Chhattisgarh’s new BJP government restarts controversial coal mining in Adivasi areas

Adivasis and environmentalists face off with the government and Adani Enterprises Ltd, as deforestation resumes amid fears of corporate raj.

Published : Dec 29, 2023 18:17 IST - 7 MINS READ

Ashutosh Sharma
ControversyAshutosh Sharma
Tree felling resumed in the Hasdeo forest area of Chhattisgarh for coal mining projects, prompting protests by various groups. This photo from June 2022 shows felled trees from the same project, which has drawn opposition from activists and tribal communities.

Tree felling resumed in the Hasdeo forest area of Chhattisgarh for coal mining projects, prompting protests by various groups. This photo from June 2022 shows felled trees from the same project, which has drawn opposition from activists and tribal communities. | Photo Credit: By Special Arrangement

On the morning of December 21, Ajay T.G., a documentary filmmaker, and Alok Shukla, the convener of Chhattisgarh Bachao Andolan—a people’s movement opposing the privatisation of forest resources—were reportedly kidnapped by unidentified individuals. They were released later in the evening. The incident occurred as they were en route to the tribal-dominated Surguja district, where Chhattisgarh police had detained local Adivasi activists. The police had “counselled” villagers not to disrupt the resumption of large-scale deforestation in the biodiversity-rich Hasdeo Arand region, part of the Parsa East Kente Basan (PEKB) Phase II mining projects.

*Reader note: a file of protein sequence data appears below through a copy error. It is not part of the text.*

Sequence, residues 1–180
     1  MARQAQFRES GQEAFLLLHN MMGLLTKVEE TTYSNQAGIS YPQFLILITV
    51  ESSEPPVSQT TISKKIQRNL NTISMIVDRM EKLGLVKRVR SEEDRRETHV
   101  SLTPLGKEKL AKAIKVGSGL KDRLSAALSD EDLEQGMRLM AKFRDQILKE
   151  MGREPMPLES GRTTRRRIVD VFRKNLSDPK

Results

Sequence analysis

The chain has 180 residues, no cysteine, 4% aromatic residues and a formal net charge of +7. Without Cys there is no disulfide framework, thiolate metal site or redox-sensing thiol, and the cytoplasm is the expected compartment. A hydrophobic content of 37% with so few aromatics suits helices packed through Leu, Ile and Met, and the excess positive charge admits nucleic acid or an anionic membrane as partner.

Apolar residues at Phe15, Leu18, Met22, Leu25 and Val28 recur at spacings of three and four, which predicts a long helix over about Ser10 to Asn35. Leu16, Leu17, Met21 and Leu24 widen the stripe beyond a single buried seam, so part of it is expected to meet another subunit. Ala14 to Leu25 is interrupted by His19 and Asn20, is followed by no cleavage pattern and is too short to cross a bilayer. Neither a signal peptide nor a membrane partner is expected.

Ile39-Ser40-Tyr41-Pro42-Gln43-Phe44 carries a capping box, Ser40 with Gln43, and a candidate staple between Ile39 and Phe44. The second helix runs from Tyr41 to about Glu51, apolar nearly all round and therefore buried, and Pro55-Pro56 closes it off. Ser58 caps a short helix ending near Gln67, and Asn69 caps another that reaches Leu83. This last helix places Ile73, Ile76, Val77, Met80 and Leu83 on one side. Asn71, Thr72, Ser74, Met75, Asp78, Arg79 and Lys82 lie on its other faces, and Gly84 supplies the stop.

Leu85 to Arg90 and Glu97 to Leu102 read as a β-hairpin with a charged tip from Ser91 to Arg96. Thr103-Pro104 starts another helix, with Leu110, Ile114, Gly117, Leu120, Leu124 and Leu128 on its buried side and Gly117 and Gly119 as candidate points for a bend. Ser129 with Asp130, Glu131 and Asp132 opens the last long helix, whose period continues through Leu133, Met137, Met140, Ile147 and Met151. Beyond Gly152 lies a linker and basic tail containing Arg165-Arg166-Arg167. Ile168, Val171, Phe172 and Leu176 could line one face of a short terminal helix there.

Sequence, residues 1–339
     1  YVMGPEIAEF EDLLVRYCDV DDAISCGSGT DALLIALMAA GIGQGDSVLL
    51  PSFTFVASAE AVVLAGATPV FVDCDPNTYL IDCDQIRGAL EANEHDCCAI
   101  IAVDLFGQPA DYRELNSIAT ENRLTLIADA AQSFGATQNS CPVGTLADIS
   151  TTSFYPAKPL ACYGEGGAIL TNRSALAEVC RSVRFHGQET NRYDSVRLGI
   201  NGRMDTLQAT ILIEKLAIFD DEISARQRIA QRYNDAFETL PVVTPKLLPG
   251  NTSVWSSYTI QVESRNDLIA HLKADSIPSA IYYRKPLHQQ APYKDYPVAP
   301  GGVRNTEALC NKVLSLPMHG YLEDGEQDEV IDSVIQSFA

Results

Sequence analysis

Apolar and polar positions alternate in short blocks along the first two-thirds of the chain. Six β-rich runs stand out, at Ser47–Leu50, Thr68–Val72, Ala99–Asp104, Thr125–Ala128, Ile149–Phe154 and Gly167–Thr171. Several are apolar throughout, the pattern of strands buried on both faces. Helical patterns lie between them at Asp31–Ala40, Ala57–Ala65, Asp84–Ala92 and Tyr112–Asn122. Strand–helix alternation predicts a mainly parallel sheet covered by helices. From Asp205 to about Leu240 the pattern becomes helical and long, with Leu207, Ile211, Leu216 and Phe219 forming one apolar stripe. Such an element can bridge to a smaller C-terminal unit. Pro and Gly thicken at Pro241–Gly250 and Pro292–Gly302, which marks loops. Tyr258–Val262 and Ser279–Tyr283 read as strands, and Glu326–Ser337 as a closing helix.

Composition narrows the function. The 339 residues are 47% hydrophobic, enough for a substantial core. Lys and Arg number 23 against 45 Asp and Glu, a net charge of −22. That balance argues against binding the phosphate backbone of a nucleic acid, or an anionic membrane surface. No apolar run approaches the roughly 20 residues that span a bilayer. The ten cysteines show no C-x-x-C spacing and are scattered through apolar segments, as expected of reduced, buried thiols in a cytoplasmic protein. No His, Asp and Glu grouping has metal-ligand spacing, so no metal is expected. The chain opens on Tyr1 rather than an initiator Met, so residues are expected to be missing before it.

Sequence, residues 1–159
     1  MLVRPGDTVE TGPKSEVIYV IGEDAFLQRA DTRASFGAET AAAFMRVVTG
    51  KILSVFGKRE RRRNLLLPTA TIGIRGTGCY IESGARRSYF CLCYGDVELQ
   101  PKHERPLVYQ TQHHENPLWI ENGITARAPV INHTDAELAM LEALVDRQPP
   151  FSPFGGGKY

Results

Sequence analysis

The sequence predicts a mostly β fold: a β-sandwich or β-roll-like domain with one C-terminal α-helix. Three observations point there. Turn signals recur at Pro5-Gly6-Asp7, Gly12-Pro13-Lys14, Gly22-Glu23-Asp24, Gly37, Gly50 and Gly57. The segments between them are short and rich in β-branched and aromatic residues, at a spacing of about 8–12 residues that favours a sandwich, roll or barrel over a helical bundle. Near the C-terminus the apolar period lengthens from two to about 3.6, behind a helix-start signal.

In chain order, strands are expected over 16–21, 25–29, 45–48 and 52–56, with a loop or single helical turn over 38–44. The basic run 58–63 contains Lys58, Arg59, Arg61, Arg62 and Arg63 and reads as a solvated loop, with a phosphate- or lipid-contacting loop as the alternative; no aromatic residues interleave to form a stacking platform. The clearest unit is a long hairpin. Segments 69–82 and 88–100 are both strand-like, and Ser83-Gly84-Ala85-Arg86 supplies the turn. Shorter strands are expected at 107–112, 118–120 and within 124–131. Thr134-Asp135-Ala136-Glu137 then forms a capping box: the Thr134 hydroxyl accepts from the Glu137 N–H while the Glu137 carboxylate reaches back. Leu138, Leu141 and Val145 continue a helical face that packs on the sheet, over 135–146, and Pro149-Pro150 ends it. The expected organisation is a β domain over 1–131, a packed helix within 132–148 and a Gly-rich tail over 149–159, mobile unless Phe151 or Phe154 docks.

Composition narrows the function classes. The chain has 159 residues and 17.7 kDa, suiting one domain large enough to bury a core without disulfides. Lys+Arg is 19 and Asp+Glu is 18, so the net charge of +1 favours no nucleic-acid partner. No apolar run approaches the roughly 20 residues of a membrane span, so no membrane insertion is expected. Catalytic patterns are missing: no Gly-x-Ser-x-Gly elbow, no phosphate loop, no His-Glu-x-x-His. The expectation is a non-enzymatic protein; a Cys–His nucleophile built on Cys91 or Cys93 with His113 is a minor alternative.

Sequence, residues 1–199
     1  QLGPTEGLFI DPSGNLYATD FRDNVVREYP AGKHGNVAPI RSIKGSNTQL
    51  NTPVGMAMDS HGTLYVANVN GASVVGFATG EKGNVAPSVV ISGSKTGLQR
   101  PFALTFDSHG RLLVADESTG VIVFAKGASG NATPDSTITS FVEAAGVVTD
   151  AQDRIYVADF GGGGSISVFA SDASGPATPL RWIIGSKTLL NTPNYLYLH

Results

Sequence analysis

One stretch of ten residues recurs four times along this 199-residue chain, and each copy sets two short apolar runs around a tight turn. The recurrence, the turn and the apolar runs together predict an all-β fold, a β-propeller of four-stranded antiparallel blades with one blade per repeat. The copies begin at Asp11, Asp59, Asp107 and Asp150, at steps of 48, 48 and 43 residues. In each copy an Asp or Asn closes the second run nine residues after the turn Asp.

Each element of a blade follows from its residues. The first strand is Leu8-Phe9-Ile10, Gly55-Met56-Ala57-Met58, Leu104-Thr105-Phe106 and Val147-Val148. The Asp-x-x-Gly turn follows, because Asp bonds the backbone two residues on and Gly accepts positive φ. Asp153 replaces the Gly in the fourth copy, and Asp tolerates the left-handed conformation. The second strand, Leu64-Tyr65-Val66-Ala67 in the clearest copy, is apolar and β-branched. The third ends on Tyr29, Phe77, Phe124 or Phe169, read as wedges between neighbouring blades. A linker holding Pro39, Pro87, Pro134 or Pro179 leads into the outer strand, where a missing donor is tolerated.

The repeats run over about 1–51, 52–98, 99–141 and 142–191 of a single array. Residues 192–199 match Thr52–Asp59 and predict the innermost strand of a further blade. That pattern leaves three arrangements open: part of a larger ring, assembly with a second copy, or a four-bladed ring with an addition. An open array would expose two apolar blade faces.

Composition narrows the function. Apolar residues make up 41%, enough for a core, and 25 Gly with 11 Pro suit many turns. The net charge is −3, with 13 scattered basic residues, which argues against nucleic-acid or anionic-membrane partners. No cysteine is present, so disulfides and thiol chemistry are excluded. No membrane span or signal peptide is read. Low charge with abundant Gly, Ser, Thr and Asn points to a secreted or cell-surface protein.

While the police denied allegations that they were picked up to silence them, many perceive the event as the beginning of corporate raj in Chhattisgarh. The widespread felling of trees began under heavy security cover days before Vishnu Deo Sai assumed office as Chief Minister on December 13. The felling disregards expert opinions, a unanimous resolution passed by the Chhattisgarh State Assembly the previous year, and local protests.

Deo Sai, the first tribal Chief Minister of the State, home to 7.5 per cent of India’s Scheduled Tribe (ST) population, claimed that the decision for coal mining and tree felling was made during the Congress regime and the ongoing work is an extension of that decision.

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Describing the detentions as “illegal” and a “dangerous” precedent, Shukla said several people have been detained to repress voices of protest. “In some cases, police didn’t even let people change their clothes before they were picked from their homes,” he told Frontline. On December 28, Shukla led a protest in Raipur and submitted a memorandum to President Droupadi Murmu and Governor Biswabhusan Harichandan, urging their intervention to safeguard the rights of Adivasis in the Hasdeo Aranya forest area protected under Schedule V of the Constitution.